CPU Price Shootout: Intel P4 640 vs AMD A64 3500+

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Impression

While both Intel and AMD have their faithful supporters, most will agree that AMD rules the gaming world while Intel rules the multi tasking world. Yet, with each new release, people are always curious as to improvements a given processor might show.

While Nate covered all of the important information regarding the 6XX series processors in his earlier article, I chose to approach this from a different point of view. I took two closely priced systems based on different platforms, using the same video card, case, cooling, PSU, and HDD, to give an example of what they did compared over a range of benches. The AMD 3500+ retails for $270, while the Intel 640 runs about $280. I chose a high end board for both, the DFI SLI-DR is currently pricing about $240, while I purchased the ABIT AA8XE for $249 (Yes Fry’s is expensive). So hopefully this will give those of you trying to decide which system to purchase a good indication of what to expect with both systems. 

The Intel systems will use the following components:

  • ABIT AA8EX Fatal1ty socket 925 motherboard
  • 1GB Kingston Hyper X DDR2 533 memory @ 4-4-4-12 timings
  • Sapphire X850 XT video card
  • Hitachi 80GB SATA HDD
  • Antec NeoPower 480 PSU 

The AMD system will use the following components:

  • DFI NF4 SLI motherboard
  • 1GB Corsair XMS 4400C25PT memory @ 2-2-2-7 timings
  • Sapphire X850 XT video card
  • Hitachi 80GB SATA HDD
  • Antec NeoPower 480 PSU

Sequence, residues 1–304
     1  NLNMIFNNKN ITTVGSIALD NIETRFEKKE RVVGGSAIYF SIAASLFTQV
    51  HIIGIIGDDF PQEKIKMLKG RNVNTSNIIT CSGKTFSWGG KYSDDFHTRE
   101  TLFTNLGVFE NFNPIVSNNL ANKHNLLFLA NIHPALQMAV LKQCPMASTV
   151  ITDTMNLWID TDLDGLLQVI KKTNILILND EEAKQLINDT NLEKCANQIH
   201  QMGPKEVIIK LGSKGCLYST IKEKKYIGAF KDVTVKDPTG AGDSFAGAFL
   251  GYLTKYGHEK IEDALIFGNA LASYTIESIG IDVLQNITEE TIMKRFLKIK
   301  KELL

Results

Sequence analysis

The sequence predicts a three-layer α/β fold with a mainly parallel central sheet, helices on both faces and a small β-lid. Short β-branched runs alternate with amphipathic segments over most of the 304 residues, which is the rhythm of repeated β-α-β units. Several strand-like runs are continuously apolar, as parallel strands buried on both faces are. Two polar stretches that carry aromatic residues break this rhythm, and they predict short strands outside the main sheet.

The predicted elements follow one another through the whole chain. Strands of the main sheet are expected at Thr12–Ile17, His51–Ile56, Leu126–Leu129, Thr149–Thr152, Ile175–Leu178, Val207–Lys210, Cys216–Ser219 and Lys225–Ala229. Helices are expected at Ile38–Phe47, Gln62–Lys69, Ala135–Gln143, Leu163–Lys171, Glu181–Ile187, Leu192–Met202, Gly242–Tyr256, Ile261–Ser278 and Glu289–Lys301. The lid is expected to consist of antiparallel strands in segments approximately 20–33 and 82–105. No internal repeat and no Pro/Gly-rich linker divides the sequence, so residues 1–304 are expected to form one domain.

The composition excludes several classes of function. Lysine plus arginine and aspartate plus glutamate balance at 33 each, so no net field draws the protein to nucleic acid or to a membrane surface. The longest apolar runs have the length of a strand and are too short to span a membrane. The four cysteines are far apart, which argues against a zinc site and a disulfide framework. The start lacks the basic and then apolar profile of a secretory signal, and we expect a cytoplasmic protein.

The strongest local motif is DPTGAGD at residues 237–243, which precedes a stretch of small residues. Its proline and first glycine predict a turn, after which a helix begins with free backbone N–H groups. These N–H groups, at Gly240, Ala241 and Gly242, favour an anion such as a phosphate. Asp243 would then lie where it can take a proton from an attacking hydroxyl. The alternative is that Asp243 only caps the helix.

All tests were conducted under identical conditions with a fresh installation of WinXP Professional (32 bit) build 2600 with SP2.

Now that you have met the competitors, lets take a look at what we’re going to ask of them. First, we’ll focus on performance with a variety of 32 bit benchmarks. (After lengthy discussion, we decided against using 64bit WinXP until it is offically released later this month, there is also a lack of quality 64 bit benchmarks available, so we’ll focus on what we do have). Lastly, i want you to understand this is more of an “opinion” article rather than a ‘scientific” article, my point is that  there are features that are going to affect the overall performance and outcome of these systems and the benchmmarks used. for instance, you will see that no memory testing was done, this is for a couple of reasons. first, Intel’s newest chipset, the 925XE uses DDR2 while AMD’s integrated memory controller prohibits it from using DDR2. I also did not use a wide variety of gaming benchmarks, this is because i wanted to focus on the processors and their performance, not the overall systems, so I stuck with graphics applications that displayed the CPU’s performance. now that we’ve touched on a few little issues, lets move on to some testing.   

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